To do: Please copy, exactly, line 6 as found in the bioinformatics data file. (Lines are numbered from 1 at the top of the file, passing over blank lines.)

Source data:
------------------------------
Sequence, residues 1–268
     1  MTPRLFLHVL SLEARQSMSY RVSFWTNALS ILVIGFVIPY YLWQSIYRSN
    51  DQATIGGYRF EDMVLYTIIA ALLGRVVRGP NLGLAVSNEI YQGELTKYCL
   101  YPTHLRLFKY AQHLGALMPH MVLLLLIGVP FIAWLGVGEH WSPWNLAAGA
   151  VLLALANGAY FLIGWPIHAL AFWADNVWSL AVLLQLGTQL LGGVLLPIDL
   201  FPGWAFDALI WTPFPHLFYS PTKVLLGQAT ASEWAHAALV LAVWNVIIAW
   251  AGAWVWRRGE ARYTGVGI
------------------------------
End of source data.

   201  FPGWAFDALI WTPFPHLFYS PTKVLLGQAT ASEWAHAALV LAVWNVIIAW